Most of the life vests were similar in their ease of use. The products must meet similar standards to pass inspection, thanks to stringent guidelines. All of the vests have buckle closures and strap adjustments. Some neoprene options also have a zipper, but the buckles are still required to ensure overall safety, even with the zipper closed. The jackets for younger kids also have a strap between the legs and buckles from the back to the front. This strap is designed to prevent the vest from rising above the wearer's head. These buckles seemed somewhat harder to disconnect, perhaps to prevent little ones from releasing the clip independently.
The O'Neill Wetsuits Child Reactor is a comfy and well-built jacket with a smooth zipper and straightforward buckles. It has a handle on the back and is brightly colored. The Hardcore is also easy to use with increased adjustability and straightforward buckles and straps.
Fit and Comfort
Two critical aspects of a great lifevest are fit and comfort. Fit is non-negotiable and the key to ensuring safety in the water (see the box below for fit testing). Comfort impacts whether your little one will wear the jacket without complaining.
Our testers found the neoprene jackets to be more comfortable. However, the neoprene is more form-fitting, and there is little to no wiggle room in these vests to adjust for circumference changes over time. While each vest has a weight range and chest dimension guide, a child's day-to-day measurements can shift as they grow. Typically little ones grow fast like weeds. Neoprene is more comfortable the longer you wear it and is highly suitable for activities that involve speed, like tubing behind a motorboat or water skiing. Our testers' favorites were the Airhead WICKED Kwik-Dry, O'Neill Wetsuits Child Reactor, and the Stearns Kids Life Vest.
Other vests have side adjustments that allow for significant changes to circumference and a more customized fit. The floatation material is in the front and back of the child with open sides. This design allows for a potentially longer life as long as your child is within the size guidelines of the jacket and fits well. Our favorites of this style are the Stearns Heads-Up Child Vest, Stohlquist Youth Fit, and the Hardcore Life Vest.
No matter what, fit should take precedence over comfort. While both are important, fit is potentially lifesaving.
Check the manufacturer's label to ensure that the life jacket properly fits your size and weight.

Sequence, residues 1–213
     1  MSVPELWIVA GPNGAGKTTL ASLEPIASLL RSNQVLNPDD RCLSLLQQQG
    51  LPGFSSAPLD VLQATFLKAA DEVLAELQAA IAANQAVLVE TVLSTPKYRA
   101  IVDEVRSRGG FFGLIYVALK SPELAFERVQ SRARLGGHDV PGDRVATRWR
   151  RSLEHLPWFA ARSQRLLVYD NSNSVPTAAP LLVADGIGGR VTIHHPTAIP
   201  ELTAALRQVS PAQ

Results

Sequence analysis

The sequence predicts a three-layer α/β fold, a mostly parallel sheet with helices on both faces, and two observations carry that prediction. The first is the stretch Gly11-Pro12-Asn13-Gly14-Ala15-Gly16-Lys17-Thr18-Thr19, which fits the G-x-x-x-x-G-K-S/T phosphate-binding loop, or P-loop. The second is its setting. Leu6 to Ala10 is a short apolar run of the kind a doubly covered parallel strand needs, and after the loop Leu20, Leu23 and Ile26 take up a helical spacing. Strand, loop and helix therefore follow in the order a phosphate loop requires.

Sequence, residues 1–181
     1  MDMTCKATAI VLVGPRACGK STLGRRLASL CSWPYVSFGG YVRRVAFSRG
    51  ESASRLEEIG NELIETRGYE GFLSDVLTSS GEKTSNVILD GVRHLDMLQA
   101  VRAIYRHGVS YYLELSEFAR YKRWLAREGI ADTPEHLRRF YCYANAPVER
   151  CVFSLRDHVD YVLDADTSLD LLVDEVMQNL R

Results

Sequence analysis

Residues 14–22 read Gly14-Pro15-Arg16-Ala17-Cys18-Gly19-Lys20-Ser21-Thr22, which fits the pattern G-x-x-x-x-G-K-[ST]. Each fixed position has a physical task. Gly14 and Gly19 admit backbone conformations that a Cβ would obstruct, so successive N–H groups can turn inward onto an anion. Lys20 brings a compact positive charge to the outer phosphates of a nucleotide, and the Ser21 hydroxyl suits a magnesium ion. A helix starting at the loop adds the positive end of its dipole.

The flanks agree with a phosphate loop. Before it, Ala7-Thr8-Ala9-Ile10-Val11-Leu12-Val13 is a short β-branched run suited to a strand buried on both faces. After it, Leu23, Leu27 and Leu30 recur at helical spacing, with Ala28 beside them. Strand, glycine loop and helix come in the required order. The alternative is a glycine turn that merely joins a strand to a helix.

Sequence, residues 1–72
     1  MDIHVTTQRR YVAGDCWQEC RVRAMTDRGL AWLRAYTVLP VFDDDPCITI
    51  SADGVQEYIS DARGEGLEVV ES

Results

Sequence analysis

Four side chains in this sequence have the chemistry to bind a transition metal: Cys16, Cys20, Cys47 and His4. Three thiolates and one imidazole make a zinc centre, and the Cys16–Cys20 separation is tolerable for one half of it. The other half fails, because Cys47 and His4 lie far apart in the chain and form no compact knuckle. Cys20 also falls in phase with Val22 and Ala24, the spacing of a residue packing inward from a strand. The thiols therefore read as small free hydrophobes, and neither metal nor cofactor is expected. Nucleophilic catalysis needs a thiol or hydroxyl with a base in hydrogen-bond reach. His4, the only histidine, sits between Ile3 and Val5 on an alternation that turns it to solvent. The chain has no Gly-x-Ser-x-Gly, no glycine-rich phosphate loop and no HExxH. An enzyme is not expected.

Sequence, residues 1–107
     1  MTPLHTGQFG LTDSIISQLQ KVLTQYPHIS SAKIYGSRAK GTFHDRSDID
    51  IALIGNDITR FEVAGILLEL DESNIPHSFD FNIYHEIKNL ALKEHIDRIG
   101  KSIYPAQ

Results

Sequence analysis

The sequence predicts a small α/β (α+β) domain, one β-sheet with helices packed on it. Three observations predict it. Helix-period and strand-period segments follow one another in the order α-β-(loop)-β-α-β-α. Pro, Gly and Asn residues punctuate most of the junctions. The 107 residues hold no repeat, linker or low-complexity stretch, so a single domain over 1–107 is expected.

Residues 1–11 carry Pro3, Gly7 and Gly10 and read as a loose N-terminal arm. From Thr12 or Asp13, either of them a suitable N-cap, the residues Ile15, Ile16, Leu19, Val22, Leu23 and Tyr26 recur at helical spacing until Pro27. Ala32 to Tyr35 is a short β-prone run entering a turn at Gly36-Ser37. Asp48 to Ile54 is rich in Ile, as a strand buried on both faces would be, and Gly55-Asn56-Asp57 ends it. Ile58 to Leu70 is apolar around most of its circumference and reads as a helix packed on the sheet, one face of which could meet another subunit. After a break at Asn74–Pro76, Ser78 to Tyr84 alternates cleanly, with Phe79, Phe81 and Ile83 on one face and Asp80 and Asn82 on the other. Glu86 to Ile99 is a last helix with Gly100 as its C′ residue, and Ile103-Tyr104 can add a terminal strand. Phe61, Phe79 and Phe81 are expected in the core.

Make sure the jacket is fastened correctly.
Hold your arms straight up over your head.
Ask a friend to grasp the tops of the arm openings and gently pull up.
Ensure no excess room is above the openings and that the jacket does not ride up over your chin or face.
Personal Flotation Devices come in various types intended for the wearer's different activities and abilities. Be sure to select the type of PFD most suitable for your child's ability and the planned activity.
Type I - greatest required inherent buoyancy and can turn most unconscious persons in the water from a face-down position to a vertical and slightly backward position, therefore, greatly increasing one's chance of survival.
Type II - intended to turn some unconscious persons from a face-down position in the water to a position where the wearer's respiration is not impeded.
Type III - intended to support a conscious person in the water in an upright position. This type of device is not required to turn an unconscious person in the water from a face-down position to one where the wearer's respiration is not impeded.
Type V - is approved for restricted uses or activities such as boardsailing or commercial white water rafting. These devices may not be suitable for other boating activities. The label indicates whether a particular design of Type V can be used in a specific application, what restrictions or limitations apply, and its performance type.
Finding a comfortable and safe floatation device for your child can provide peace of mind when enjoying any activity near water. This review is designed to help you select a quality product that is comfortable and easy to use for most children in the appropriate age group. We used each vest hands-on with multiple kids to get the details you need to make an informed decision for your child and budget. We think there is something for everyone in the lineup of great options.
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Honest, objective reviews. Led by a Pediatrician.
BabyGearLab was founded by a Pediatrician Mom with a mission to provide a reliable, independent, source of information to new parents. Our experts have tested thousands of baby and kids products to share key performance, health, and safety findings. We spend tens of thousands of dollars crash testing car seats to inform our ratings. And, we combine our review work with gobs of expert parenting advice. To assure complete independence, we buy all the products we test ourselves. No sponsored content. No ads. Just real, honest, side-by-side testing by people who care.